As I’ve said in other stories, the people who are really going to benefit from this project are those who can deliver motorcycles – not to mention better ones: Brammo and Zero.

      2. Tony says:

        Mr. Dillard,

        I really enjoyed your article and I agree that Harley is not doing any good for the EV community by putting out a vehicle that cannot match or surpass the Brammo’s or Zero vehicles.

        Have you had an opportunity to test a ZEV LRC 10? I have been riding electrics for close to 9 years and this is the bike that I would love to tryout. I just haven’t made the trip to Morgantown, WV. Looks like they have a very nice bike.

  4. David Murray says:

    Oh well. Let Zero and Brammo have the market. I will shed no tears to see old-fashioned brands die that didn’t see the shift in technology coming. Just like I shed no tears when Kodak died.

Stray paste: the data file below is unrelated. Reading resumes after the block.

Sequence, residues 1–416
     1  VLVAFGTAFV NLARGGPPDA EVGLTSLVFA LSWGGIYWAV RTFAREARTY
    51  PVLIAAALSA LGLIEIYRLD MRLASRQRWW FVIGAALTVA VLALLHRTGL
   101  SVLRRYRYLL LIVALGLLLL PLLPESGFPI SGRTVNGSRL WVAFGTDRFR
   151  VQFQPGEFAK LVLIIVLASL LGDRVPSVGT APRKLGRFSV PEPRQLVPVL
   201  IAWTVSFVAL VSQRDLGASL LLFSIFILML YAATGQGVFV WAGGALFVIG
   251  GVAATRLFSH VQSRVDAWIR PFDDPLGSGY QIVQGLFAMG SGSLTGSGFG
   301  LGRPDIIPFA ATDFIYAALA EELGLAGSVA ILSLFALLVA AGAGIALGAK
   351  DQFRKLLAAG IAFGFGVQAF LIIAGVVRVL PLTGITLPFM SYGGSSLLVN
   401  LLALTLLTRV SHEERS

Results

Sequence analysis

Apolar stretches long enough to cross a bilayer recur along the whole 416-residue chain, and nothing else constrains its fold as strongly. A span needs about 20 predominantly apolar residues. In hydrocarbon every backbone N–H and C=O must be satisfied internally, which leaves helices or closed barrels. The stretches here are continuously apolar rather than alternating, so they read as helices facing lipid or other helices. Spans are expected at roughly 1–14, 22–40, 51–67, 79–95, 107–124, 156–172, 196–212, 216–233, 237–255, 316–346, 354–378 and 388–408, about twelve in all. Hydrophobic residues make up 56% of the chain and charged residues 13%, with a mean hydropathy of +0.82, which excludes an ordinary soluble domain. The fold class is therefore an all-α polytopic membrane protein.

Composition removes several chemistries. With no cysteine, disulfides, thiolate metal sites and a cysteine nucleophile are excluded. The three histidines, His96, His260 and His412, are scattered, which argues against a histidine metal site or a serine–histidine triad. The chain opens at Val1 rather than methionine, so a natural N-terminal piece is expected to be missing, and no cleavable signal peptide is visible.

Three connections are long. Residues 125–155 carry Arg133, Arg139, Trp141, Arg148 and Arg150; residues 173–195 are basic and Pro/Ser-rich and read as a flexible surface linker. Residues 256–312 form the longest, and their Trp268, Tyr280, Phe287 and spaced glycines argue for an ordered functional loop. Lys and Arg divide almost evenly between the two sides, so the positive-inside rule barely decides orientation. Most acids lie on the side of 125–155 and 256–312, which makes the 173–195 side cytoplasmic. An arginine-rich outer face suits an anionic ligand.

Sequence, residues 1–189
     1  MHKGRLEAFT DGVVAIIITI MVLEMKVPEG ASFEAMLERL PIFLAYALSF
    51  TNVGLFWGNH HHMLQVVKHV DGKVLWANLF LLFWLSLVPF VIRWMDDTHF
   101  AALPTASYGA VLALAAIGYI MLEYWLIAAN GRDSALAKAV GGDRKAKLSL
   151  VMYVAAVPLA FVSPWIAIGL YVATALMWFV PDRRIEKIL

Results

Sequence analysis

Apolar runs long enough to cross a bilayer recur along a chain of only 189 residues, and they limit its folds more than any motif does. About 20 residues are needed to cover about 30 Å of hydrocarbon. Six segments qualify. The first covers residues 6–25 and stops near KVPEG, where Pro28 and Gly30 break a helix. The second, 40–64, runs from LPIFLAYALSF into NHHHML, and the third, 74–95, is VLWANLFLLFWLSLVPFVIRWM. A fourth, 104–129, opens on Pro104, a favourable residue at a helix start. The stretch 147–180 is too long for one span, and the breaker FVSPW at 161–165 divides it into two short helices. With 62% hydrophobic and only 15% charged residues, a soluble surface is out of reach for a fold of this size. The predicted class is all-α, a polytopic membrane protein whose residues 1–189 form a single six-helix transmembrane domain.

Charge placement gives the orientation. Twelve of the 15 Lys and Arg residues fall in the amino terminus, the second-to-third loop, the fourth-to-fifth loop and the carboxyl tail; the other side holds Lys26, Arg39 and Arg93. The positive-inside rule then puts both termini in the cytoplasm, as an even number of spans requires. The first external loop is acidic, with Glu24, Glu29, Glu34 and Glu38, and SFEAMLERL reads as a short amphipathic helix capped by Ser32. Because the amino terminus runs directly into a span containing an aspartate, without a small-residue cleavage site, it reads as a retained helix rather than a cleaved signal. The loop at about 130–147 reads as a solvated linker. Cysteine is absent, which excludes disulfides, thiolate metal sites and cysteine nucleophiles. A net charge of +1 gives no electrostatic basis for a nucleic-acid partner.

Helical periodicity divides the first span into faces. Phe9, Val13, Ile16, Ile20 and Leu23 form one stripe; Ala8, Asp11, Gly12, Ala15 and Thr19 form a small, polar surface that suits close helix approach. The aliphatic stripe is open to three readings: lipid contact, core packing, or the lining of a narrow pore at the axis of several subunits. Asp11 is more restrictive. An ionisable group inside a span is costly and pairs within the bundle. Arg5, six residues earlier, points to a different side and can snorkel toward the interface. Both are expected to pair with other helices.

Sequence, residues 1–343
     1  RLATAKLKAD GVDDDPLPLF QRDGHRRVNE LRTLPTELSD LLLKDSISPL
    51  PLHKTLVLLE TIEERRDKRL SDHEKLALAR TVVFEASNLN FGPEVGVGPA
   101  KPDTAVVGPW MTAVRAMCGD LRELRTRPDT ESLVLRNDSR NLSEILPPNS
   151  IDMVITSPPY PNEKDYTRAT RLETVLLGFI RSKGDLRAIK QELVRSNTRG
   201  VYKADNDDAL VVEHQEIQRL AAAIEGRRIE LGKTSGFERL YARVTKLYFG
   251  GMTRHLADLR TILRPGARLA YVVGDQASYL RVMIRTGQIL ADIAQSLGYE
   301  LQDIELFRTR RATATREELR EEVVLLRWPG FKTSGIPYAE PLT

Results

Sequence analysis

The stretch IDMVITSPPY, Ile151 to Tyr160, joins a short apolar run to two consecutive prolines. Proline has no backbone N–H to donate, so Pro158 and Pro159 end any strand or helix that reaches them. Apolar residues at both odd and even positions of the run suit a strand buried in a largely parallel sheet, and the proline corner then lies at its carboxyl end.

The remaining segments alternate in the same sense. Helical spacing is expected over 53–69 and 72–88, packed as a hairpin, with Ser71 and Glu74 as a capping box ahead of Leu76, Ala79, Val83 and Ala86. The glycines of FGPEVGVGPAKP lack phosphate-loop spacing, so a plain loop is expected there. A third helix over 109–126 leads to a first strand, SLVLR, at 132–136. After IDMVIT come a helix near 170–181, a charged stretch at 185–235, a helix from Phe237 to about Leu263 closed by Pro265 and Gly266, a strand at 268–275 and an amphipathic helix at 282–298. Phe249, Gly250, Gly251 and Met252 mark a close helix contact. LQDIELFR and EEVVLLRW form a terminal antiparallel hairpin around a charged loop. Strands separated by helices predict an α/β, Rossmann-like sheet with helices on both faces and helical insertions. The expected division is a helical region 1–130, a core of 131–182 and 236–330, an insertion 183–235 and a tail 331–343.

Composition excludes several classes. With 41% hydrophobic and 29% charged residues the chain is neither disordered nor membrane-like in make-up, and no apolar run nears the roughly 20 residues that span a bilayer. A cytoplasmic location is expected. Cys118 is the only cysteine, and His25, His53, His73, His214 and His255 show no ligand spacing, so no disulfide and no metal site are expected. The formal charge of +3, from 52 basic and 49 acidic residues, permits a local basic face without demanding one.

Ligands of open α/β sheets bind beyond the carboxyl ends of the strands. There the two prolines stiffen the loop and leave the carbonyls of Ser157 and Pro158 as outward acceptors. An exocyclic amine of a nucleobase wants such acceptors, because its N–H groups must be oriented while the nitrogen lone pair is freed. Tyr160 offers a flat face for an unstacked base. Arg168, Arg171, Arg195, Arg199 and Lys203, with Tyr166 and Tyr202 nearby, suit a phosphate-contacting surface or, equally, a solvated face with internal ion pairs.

5. Anon says:

    Oil powered clockwork must be pretty cheap to build. I suppose they’re waiting for prices to drop, so they can maintain their profit margin on each unit sold. *shrugs*

  6. Warren says:

    Harley customers are the same folks who drive big pickups, and still use filament bulbs. The new generation have smart phones and Chinese scooters. The number of people who will be riding for pleasure is shrinking.

    1. kdawg says:

      I dunno, can’t really generalize. I have a Volt, but also a cruiser-style motorcycle. I use LED light bulbs. My coworker also has a Volt, and just bought a new big cruiser bike.